There it was, standing not-so-tall on Paris’ West Bank, hiding behind Notre Dame with its yellow and green façade and the Old-World signage. Shakespeare and Company was the best one hour that I spent in Paris. At a time when book stores sitting on valuable acreage face threats of demolition, Shakespeare and Company stands proudly as a symbol of writers—from the Lost Generation to the Beat Generation. I always regretted not studying Shakespeare in school and thought this place was God’s way of making up to me for those bizarre English books of the CBSE curriculum.
The place was a smorgasbord of not just different kinds of writings; it hid behind its crooked and weather-beaten bookshelves the secrets of generations. Though there are a million reasons to love this place but on World Book Day, I list down 10 special ones that are close to my heart:
1. Tucked between some of the shelves in the maze of tiny rooms are cots that have been used by over 30,000 aspiring writers. The owner, George Whitman, called these writers ‘Tumbleweeds’ and apparently writing a one-page autobiography is mandatory for the ‘Tumbleweeds’.
2. The piano on the first floor of the bookstore that can be played by anyone who wishes to, something that holds true for probably every aspect of the store. I tried my hand at it too, slipping into the happy reverie where I am a character from a Jane Austen novel, or maybe Jane Austen herself.
3. The tiny bureau that has a typewriter, a blue chair and is lined with rugs. It bears the sign—"Feel free to use the typewriter for your lovely writing/creative ventures." Did I use it? Of course, I did!
4. Handwritten notes that you can find probably everywhere in Shakespeare and Company. I remember one that was stuck in the tiny room with the typewriter—“For grandma who believed that this place would reopen after World War I. It did granny!”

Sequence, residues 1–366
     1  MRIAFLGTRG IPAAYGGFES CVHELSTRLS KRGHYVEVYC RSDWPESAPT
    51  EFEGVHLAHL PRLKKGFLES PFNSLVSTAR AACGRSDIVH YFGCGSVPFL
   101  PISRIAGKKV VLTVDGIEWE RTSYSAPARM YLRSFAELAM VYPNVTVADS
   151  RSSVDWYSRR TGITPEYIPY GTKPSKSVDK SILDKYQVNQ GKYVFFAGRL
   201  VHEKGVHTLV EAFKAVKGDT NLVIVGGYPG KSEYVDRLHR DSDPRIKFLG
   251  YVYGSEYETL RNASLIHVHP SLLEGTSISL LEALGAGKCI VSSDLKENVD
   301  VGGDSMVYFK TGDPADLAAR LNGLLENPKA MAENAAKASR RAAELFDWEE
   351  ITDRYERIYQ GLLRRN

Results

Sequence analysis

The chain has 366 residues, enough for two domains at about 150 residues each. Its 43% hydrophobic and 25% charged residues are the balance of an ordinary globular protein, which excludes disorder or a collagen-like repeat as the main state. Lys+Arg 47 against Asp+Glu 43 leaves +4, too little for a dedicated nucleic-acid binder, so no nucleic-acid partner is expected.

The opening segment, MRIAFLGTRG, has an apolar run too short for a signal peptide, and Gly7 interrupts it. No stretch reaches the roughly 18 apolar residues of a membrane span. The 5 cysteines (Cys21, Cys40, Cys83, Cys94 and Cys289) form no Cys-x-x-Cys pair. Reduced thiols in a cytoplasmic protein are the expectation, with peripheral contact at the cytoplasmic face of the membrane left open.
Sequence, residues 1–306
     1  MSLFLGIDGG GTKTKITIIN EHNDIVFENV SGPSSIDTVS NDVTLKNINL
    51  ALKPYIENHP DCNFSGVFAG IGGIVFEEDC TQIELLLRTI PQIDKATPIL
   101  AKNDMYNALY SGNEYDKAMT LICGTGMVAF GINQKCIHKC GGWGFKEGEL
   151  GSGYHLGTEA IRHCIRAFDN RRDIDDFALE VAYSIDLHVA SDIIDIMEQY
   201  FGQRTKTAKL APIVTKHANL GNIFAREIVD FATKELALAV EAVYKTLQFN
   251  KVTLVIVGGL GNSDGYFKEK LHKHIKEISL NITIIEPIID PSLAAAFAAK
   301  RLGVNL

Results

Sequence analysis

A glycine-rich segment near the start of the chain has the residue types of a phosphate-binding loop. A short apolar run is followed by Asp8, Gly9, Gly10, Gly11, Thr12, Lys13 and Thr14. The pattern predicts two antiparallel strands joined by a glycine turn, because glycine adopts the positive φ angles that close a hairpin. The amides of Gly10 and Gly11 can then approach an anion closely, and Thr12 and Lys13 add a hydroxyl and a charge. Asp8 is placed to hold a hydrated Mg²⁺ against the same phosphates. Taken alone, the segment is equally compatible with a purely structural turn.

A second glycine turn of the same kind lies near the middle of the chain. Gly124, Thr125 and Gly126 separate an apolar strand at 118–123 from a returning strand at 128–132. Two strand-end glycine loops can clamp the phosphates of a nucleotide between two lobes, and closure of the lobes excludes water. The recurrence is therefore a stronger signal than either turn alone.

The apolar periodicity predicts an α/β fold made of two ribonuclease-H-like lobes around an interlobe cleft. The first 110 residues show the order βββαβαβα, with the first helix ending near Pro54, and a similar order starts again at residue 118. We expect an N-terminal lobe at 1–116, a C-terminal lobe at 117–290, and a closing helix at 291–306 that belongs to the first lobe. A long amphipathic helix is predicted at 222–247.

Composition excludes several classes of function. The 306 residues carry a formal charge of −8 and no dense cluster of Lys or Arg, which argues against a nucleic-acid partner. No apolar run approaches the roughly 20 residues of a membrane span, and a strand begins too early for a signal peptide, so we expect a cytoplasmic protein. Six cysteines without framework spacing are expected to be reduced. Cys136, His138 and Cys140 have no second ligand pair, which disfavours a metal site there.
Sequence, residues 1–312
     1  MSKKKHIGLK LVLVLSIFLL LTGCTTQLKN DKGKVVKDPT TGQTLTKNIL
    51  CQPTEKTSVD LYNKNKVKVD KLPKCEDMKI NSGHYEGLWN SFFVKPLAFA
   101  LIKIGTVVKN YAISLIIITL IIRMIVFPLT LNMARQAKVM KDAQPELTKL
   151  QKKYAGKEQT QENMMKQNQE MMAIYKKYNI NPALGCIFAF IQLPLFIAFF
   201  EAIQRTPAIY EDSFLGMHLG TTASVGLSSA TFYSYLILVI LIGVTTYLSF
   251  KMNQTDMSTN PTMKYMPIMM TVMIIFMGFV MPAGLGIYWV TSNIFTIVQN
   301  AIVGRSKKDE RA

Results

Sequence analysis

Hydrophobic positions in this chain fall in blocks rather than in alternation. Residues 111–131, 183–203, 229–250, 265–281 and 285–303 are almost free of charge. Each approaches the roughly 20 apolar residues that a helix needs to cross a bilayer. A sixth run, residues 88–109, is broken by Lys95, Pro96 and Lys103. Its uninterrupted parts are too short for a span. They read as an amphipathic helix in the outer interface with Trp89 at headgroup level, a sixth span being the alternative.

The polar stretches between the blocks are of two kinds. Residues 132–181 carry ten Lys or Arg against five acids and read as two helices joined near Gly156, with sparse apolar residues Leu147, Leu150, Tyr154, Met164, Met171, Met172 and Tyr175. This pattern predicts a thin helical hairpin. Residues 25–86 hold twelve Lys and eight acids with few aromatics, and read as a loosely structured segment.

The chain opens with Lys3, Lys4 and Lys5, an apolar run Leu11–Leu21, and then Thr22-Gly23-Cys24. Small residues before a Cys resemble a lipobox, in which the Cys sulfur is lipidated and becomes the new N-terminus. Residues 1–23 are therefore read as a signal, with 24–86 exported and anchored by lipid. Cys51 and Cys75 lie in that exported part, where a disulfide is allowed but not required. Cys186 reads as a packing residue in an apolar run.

5. As you flip through the pages of some dilapidated book that you are forced to pick up because that’s just what this place does to you, you can look outside from the French window and capture the stunning view of the Seine. You’d be surprised at your photographic memory for its ability to retain that view for years to come!
6. As you go up the wooden staircase, you will run into Kitty. She’s gorgeous and if cats are territorial, the entire literary world is the territory of this white cat.
7. Besides the love of the handwritten notes, the small rooms at Shakespeare and Company are adorned with whimsical names too—old smoky reading room, blue oyster tearoom; also Whitman's favourite epigrams are painted above doorways.
8. The first floor or the non-commercial floor, as the present owner Slyvia Whitman calls it, is home to a library which has more history in it than you’d find at the MET probably! There is just one rule—books mustn't leave the premises.
9. There is a wishing well here too, though what more could you ask for after you have come here but this well is where customers toss coins for the aspiring writers who are bunking there. The sign says: Feed the starving writers.
10. The iconic history of this place—from Hemingway to Scott Fitzgerald, Ezra Pound, Joyce to Allen Ginsberg, Henry Miller, Richard Wright, Langston Hughes, Lawrence Durrell, Anaïs Nin, James Jones….writers have found their haven here in every generation.